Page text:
Light let’s you see
While LL Bean, the makers of those duck boots that are perpetually on backorder, is an American brand institution, you may not be as familiar with its marketing campaigns. Portland’s The Via Agency is looking to change that.
The agency recently scored a victory for their client by publishing an eye-catching newspaper ad in The New York Times. Upon first inspection, only a few words are visible, such as “Just bring this outside” or “No. Seriously, take this outside.” When you oblige the message and hold the ad up to the sun, the rest of the message reveals itself, which calls the reader to embrace the beauty, accessibility and camaraderie you can only find in the great outdoors.
Hidden Brand Messages
While the great outdoors is one of the most universally shared resources amongst human beings, we increasingly live our lives surrounded by walls and engrossed by screens. Because of that, there’s now a certain contrarianism to engaging with life outside of a box. By tapping into the tagline “Be An Outsider,” LL Bean sticks by its brand image while subtly infusing a sense of exclusivity and cool into their essence.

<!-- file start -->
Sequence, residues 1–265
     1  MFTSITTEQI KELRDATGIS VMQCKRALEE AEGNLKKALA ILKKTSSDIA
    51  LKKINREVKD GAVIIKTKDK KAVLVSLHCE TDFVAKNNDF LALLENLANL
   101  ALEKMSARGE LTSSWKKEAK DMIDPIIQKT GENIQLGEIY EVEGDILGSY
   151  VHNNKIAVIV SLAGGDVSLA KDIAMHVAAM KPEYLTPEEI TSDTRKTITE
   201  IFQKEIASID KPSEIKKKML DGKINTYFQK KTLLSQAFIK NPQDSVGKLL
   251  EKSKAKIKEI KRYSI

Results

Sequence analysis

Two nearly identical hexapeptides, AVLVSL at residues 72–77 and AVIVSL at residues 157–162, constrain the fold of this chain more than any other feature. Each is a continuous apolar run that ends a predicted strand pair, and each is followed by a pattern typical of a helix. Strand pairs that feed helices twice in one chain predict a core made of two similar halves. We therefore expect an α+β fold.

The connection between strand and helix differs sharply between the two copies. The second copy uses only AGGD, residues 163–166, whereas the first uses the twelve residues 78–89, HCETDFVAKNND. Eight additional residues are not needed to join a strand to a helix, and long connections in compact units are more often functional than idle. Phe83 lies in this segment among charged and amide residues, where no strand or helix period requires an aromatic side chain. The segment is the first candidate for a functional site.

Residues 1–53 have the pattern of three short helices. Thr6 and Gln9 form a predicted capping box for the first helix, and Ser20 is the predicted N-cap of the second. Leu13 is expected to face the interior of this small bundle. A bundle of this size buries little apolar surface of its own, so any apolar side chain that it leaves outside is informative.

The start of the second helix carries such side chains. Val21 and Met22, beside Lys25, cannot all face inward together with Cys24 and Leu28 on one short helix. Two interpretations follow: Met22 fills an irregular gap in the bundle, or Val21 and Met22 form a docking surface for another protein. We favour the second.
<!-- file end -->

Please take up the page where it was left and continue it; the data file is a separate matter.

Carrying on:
That’s not an easy feat when you sell lots of functional equipment and clothing.
The ad also establishes some brand goodwill through a focus on a cause over a product. There is no mention of LL Bean products anywhere in the ad; it serves as a simple call to get people to go outside. The tactic is a familiar one; REI built their entire Opt Out campaign around it. It is also effective at grabbing attention and making the end reader feel good about it.
Free Press is Good Press
The ad is also effective due to the earned media from its innovative approach; in addition to this write-up, the ad also went viral on social media. When AdAge wrote a feature about the ad, that article was their most popular story on the day it was published.
That conversation starts with the printing process.
Via reportedly contracted a company called Chromatic Technologies Inc. in Colorado to produce the inserts, which were not actually printed on New York Times newsprint. For reference, this is the same company that prints the Coors Light bottles and cans with the “cold as the Rockies” destination.
Sky’s the limit
This unique creation process, combined with the stand out messaging, help the ad earn that extra exposure within the ad industry. All those extra impressions certainly don’t hurt the ad’s reach numbers!
All in all, creative methodology is still a great way to get extra brand attention, so long as you have a well-crafted message behind it.